London Penny Post

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figure 1

Newspaper ad for Penny Post announcing service and postal rates and the advantages to trade and commerce which it offered.

The London Penny Post was a premier postal system whose function was to deliver mail within London and its immediate suburbs for the modest sum of one penny. The Penny Post was established in 1680 by William Dockwra and his business partner, Robert Murray. Dockwra was a merchant and a member of the Armourer and Brasiers Livery Company and was appointed a Customs Under-Searcher for the Port of London in 1663. Murray would later become clerk in the excise office of the Penny Post. The London Penny Post mail service was launched with weeks of publicity preceding it on 27 March 1680. The new London Penny Post provided the city of London with a much needed intra-city mail delivery system. The new Penny Post was influential in establishing a model system and pattern for the various Provincial English Penny Posts in the years that followed. It was the first postal system to use hand-stamps to postmark the mail to indicate the place and time of the mailing and that its postage had been prepaid. The success of the Penny Post would also threaten the interests of the Duke of York who profited directly from the existing general post office. It also compromised the business interests of porters and private couriers. The Penny Post was also involved in publishing various criticisms towards the British monarchy, the Duke of York in particular, which ultimately led to the take over of the Penny Post by crown authorities. The earliest known Penny Post postmark is dated 13 December 1680 and is considered by some to be the world's first postage 'stamp'.[1][2][3]

Mail services in London, 1680[edit]

Prior to the advent of the London Penny Post there was only one General Letter Office in London and Westminster to receive and deliver the mail that was bound for destinations outside London proper, but there was no system or provision for the general distribution of letters or parcels within the city of London itself. Dockwra and Murray's Penny Post provided such a service. The new Penny Post service proved very useful to London's merchants and to other businesses, and very popular among the citizenry of London, who hitherto had to pay more expensive rates to private couriers and porters to deliver mail or small packages within the city. With the growth of trade[citation needed] and the increase in the population of London (which had about half a million people at that time), there was an ever-increasing demand for a mail system that would serve London and its suburbs. With its cheap flat postage-rate of one penny, the Penny Post quickly became a commercial success.[1][3]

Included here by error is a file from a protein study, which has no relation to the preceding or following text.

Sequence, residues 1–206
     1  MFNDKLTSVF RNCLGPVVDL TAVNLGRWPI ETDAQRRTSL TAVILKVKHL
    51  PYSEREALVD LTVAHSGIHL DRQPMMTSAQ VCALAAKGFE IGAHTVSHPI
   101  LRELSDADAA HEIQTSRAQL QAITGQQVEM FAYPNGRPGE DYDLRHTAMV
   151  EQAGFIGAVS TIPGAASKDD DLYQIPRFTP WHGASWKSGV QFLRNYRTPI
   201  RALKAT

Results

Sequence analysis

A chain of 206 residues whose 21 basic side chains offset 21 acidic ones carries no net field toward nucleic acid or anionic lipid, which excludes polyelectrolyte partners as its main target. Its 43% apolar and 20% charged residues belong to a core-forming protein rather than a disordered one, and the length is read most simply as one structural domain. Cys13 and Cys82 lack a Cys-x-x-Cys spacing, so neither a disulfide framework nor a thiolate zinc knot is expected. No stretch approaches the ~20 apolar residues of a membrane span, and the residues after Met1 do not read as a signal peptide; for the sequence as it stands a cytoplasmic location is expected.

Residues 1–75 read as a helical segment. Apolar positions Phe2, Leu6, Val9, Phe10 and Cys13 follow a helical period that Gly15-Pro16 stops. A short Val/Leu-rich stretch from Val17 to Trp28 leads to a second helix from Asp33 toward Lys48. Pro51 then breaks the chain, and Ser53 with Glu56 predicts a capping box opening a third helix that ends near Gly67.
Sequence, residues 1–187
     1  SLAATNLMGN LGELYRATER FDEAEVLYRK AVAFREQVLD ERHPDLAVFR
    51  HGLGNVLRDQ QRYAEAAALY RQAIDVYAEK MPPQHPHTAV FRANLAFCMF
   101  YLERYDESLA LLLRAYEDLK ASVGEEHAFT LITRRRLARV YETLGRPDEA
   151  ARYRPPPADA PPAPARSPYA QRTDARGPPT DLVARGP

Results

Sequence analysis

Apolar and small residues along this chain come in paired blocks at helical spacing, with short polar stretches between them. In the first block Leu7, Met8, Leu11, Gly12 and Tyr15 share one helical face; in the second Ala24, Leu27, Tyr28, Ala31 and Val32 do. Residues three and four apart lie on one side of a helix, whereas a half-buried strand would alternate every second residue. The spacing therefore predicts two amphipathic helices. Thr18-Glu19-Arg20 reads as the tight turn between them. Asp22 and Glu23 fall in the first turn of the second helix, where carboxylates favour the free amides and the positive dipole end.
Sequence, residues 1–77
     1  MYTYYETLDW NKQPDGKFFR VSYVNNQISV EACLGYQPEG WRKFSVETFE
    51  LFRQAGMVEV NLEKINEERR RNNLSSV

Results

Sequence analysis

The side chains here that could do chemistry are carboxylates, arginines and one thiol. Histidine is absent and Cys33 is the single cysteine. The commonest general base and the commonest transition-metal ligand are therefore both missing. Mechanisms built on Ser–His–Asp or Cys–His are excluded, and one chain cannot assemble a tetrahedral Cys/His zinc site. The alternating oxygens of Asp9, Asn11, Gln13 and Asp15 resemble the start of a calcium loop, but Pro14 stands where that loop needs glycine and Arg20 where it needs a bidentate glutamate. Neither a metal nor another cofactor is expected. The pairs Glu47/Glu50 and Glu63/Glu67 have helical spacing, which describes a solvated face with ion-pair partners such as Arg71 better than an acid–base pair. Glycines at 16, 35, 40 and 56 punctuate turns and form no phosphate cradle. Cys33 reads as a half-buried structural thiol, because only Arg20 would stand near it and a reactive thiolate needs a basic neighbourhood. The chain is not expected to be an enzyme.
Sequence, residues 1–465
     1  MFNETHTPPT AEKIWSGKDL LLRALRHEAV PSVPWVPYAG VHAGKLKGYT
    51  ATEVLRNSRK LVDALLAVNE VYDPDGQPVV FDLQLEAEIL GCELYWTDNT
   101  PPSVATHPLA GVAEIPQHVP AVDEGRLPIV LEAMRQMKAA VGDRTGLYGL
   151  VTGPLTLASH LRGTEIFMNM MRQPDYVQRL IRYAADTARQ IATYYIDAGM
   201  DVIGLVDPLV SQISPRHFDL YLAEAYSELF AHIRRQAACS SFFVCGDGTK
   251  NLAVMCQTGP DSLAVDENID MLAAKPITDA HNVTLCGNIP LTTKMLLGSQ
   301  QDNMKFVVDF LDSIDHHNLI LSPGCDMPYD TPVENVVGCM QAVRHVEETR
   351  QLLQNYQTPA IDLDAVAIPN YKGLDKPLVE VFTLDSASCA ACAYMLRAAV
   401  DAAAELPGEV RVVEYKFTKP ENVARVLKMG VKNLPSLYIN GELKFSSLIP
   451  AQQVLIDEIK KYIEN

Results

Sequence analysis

Premier postal system[edit]

Dockwra plaque in Lime Street, London

Several Penny Post offices were established at various points within London where letters that were collected from drop-boxes about the city were sorted and sent out for delivery. Dockwra, Murrey and their partners divided London between Westminster and Blackwell and between Hackney and Lambeth into seven districts with a sorting office for each. They established a Head Office that was set up in the home of Dockwra himself who was living in a mansion on Lime Street that was formerly owned by Sir Robert Abdy. Dockwra established hourly collections, with a maximum of ten deliveries daily for London and a minimum of six deliveries for the various London suburbs, such as Hackney and Islington. However Robert Murray was arrested in May 1680, along with another associate of the Penny Post, George Cowdron, for distributing by means of the Penny Post what was considered to be seditious material criticising the Duke of York (afterwards James II). This left Dockwra to manage the Penny Post and as such credit is roundly given to him for its designs and further improvements as the Penny Post at that point having only been in operation for a couple of months was still in its developmental stages.[4] Within two years the Penny Post had grown to such proportions that approximately four to five hundred receiving-houses and wall-boxes had been established at various locations about the city of London, however some of the accounts vary. E.g. in Robert Seymour's Survey of London and Westminster, published in 1735, he puts the number of receiving houses at over 600. Dockwra's Penny Post delivered letters and packets weighing up to one pound and delivery was guaranteed within four hours, each letter being marked with a heart shaped time stamp indicating the time an item was dropped off for delivery. Because the new postal service was affordable to the general public with its inexpensive flat rate of one penny it became an almost instant success and became the predecessor of the postal systems that later emerged and are still in use today in Great Britain and elsewhere today. To announce the new Penny Post's inter-city mail services public notices were published in several local newspapers (figure 1) and notices and posters were also printed and circulated.[2][3][5][6]


figure 2
Lime St. Postmark & heart-shaped Time-stamps
figure 3
Postmark used in 1681

When mail was submitted for delivery by the Penny Post the postage rate of one penny was charged and a hand-stamped postmark and time-stamp were applied to the mailed item confirming that its postage had been paid. The triangular postmarks used by Dockwra's Penny Post account for his fame among postal historians.

Four types of triangular postmarks were used to frank mail, (figure 4) but of the few that survive most are in museum archives, and only four are known to be in the hands of private collectors. The triangle-shaped postmark is considered by some historians and philatelists as the world's first postage stamp.[1] Each Penny Post office had its own initial letter. The Penny Post also employed heart-shaped time stamps, one with the abbreviation 'Mor.' designating a morning mailing and one with 'Af.' indicating an afternoon mailing, along with the number of the hour i.e. a numeral '4' indicating a 4 O'clock mailing. (figure 2) The triangle postmarks used on letters in 1680 differ somewhat from later examples. The 1680 postmarks are larger, with the shortest side to the triangle at the base.